“The Sanctity of the Camp of Israel”

by Rabbi Ephraim Z. Buchwald

This week’s parasha, parashat Kee Teitzei, contains 74 mitzvot– more mitzvot than any other portion of the Torah. 27 are positive mitzvot and 47 are negative mitzvot.

Among the many transformational ideas found in this week’s Torah portion is the idea of the sanctity of the camp of Israel. In only six brief verses, the Torah introduces an idea that literally revolutionizes societal mores and values.

Oddly enough, the theme of the sanctity of the camp of Israel is found in verses that deal with warfare. In Deuteronomy 23:10, the Torah states, “Kee teitzei mah’chah’neh ahl oiy’veh’chah, v’nish’mar’tah mee’kohl da’var rah,” When you camp against your enemies, you shall guard against anything evil.

At this point in the scriptural narrative, one might very well expect the Torah to pronounce a doctrine governing the proper wartime conduct of soldiers, sort of a Geneva Convention, in which taking unfair advantage of the enemy in battle is prohibited. Although the Torah speaks of military strategy and wartime behavior at other points, prohibiting the chopping down of fruit-bearing trees and besieging a city on all sides, not allowing the enemy soldiers to flee, that theme is nowhere to be found in this week’s parasha. Instead, parashat Kee Teitzei focuses on the holiness and sanctity required of the military camp setting.

As opposed to contemporary practices in many military settings, the Torah strictly prohibits lascivious behavior in military camps, stating that any soldier who experiences a nocturnal emission, must be sent outside the camp until he is clean. Only after immersing himself in a mikveh may the soldier return to camp after sunset.

The Torah in Deuteronomy 23:13-14 insists that every Israelite military camp have a designated place, outside the camp, for soldiers to take care of their bodily functions. In addition to his weapons, every Israelite soldier is required to carry a shovel or spade to use to cover his excrement.

Finally, in a most powerful statement, the Torah declares (Deuteronomy 23:15), “Kee Hashem Eh’loh’keh’chah mit’ha’laych b’kerev mah’chah’neh’chah, lah’ha’tzeel’chah v’lah’tayt oiy’veh’chah l’fah’neh’chah, v’hah’yah mah’chah’neh’chah kadosh, v’loh yir’eh v’chah ehr’vat dah’vahr, v’shahv may’ah’chah’reh’chah,” For the L-rd your G-d, walks in the midst of your camp, to rescue you and to deliver your enemies before you; so your camp shall be holy, so that He will not see a shameful thing among you and turn away from behind you.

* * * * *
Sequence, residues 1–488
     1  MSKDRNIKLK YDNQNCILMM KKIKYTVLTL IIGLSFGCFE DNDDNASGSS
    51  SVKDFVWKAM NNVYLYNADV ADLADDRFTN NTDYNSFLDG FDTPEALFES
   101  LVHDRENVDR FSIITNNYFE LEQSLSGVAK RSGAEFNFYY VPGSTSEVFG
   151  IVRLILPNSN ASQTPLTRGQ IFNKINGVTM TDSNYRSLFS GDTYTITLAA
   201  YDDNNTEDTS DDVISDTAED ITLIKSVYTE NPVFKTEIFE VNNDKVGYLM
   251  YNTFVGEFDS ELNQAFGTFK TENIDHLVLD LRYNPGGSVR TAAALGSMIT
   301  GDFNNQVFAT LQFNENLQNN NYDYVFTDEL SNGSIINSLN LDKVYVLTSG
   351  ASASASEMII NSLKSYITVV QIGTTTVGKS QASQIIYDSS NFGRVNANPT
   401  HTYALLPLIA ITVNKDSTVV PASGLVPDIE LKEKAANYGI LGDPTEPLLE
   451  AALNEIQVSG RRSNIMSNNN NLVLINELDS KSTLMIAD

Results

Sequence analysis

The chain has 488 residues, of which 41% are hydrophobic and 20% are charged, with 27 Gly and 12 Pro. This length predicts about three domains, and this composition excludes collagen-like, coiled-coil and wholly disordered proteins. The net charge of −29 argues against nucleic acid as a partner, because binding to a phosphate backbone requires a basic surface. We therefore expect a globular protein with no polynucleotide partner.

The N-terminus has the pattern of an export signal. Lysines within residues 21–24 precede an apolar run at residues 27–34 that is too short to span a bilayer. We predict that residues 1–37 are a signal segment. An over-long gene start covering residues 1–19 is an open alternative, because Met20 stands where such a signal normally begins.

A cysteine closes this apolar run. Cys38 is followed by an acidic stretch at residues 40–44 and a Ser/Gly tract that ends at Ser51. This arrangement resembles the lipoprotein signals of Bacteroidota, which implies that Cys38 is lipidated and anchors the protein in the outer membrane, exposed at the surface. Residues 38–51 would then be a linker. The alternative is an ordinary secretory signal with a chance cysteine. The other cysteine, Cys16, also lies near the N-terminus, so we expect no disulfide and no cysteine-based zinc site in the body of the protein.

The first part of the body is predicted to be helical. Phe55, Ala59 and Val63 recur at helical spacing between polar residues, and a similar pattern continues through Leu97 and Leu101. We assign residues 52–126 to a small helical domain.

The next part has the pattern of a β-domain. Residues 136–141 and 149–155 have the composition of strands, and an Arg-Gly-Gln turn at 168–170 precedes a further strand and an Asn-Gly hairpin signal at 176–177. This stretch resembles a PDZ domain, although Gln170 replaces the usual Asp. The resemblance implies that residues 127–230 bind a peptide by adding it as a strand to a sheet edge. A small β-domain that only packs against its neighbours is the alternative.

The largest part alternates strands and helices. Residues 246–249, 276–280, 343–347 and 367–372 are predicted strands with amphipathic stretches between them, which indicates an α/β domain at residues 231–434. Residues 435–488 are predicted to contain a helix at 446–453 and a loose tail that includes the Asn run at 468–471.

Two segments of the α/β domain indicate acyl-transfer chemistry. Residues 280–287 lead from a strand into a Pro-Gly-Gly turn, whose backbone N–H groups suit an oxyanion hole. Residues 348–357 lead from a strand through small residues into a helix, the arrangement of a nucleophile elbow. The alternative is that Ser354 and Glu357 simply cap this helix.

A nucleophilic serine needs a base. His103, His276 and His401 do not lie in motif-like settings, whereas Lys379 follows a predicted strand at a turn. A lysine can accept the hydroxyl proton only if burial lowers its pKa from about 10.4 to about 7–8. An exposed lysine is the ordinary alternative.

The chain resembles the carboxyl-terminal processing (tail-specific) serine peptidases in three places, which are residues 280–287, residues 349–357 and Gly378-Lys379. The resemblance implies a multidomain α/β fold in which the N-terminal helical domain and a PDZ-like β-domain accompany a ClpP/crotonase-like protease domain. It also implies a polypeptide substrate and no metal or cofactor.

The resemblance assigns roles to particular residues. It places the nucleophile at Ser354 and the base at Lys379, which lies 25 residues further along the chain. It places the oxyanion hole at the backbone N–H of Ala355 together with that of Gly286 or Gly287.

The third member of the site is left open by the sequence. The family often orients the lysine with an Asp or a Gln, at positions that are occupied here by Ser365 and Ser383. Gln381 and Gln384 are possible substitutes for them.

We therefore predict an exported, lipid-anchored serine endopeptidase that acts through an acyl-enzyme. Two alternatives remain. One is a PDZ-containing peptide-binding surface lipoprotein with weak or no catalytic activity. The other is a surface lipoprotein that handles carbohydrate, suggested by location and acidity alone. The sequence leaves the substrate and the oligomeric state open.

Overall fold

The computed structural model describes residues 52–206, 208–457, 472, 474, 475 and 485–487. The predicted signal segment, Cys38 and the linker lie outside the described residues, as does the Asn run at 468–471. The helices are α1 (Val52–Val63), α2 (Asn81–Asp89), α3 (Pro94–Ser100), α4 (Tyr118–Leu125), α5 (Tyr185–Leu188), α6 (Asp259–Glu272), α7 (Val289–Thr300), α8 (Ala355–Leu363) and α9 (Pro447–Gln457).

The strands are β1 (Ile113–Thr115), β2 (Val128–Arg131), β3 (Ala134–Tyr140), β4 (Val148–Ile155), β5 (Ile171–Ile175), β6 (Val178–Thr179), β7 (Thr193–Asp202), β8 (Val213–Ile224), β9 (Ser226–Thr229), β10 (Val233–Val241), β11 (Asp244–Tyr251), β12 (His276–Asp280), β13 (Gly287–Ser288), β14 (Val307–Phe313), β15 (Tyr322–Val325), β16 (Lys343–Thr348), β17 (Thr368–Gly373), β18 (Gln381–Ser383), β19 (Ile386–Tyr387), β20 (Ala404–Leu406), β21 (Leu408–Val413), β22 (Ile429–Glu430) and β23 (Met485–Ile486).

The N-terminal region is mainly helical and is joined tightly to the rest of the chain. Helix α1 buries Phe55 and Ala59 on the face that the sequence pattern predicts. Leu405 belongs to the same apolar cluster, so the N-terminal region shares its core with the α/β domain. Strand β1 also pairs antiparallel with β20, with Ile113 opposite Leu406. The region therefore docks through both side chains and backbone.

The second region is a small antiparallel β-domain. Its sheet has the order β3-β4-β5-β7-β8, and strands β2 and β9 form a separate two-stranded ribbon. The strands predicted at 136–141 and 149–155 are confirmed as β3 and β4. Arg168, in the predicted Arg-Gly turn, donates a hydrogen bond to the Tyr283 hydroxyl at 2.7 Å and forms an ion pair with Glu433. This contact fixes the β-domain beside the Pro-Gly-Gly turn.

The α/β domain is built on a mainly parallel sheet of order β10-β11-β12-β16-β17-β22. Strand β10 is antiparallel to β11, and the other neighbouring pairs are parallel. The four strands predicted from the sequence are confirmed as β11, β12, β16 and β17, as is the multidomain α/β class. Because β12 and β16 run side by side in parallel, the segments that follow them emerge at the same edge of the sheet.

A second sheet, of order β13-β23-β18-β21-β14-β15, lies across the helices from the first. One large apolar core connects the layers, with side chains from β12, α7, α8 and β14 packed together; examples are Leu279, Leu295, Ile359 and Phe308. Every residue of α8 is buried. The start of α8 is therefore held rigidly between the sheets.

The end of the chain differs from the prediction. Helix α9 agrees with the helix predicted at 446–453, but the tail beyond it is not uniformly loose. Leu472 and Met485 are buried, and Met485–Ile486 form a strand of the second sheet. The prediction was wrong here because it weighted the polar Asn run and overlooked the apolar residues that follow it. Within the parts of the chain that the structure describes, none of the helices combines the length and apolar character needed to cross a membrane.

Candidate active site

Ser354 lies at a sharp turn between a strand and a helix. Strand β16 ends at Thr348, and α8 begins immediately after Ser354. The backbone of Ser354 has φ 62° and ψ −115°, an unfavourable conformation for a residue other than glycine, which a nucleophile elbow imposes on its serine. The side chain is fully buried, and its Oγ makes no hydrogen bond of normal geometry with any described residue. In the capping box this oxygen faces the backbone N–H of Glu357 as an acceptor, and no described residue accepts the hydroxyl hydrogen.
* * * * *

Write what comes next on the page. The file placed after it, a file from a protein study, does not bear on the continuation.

More than 3,300 years ago, the Torah declared that Jewish soldiers must behave differently from combatants of other nations. The camp of Israel must be physically clean and spiritually pure. It is not the prowess of the soldiers that garners victory, but the spiritual purity of the people of Israel. The true battle takes place in the spiritual realm, where G-d determines the outcome.

One may ask, why the great emphasis on the holiness of the camp? The classical commentators offer varied reasons. The Ibn Ezra explains that excrement must be properly covered so that it has no evil effect on the soul and does not turn the soldier’s mind to impure thoughts. NachmanidesSefer Ha’Chinuch and Abarbanel explain that a military camp populated by spiritual soldiers is to be regarded as a holy location, which, of course, must be clean of any foul odors or revolting sights. This sanctified camp will harbor warriors who are righteous and G-d fearing, leading to both military and spiritual victory. The Chinuch adds that the Jewish military camp must be a source of pride, so that even non-Jewish visitors will find it clean and hygienic.

Maimonides underscores that when the military camp is a place of purity and sanctity the soldiers realize that G-d’s spirit pervades the camp, protecting them and keeping a watchful eye over them. In this spiritually clean setting, the morale of the army is boosted, leading to triumph over its foes.

How important is spiritual sanctity? I was once approached by a Jewish attorney who had become a rather successful author of children’s books. He urged me to read his books and recommended them for my children and grandchildren.

Fortunately, I was able to avoid any commitment, because I was reluctant to assist him in this endeavor. On several previous occasions, I had overheard this man speaking boastfully, in a most degrading and disparaging manner, about his girlfriends and his sexual exploits. I felt that sharing his writings with my family would somehow pollute the children’s minds, because surely his unseemly values had inevitably seeped into the narratives.

This is the essential message of the verse, “V’hah’yah mah’chah’neh’chah kadosh,” Your camp should be holy. The Torah calls on the Jewish people to ensure that sanctified values be established in our homes, permeate our schools, be reflected in our places of work, and be conspicuous in all our endeavors.

Achieving sanctity in all our endeavors is no easy task, especially in these high-tech and media-saturated times. Only by careful and committed focus on our values and our behaviors can we hope to achieve the sanctity in our camps and in our homes.

May you be blessed.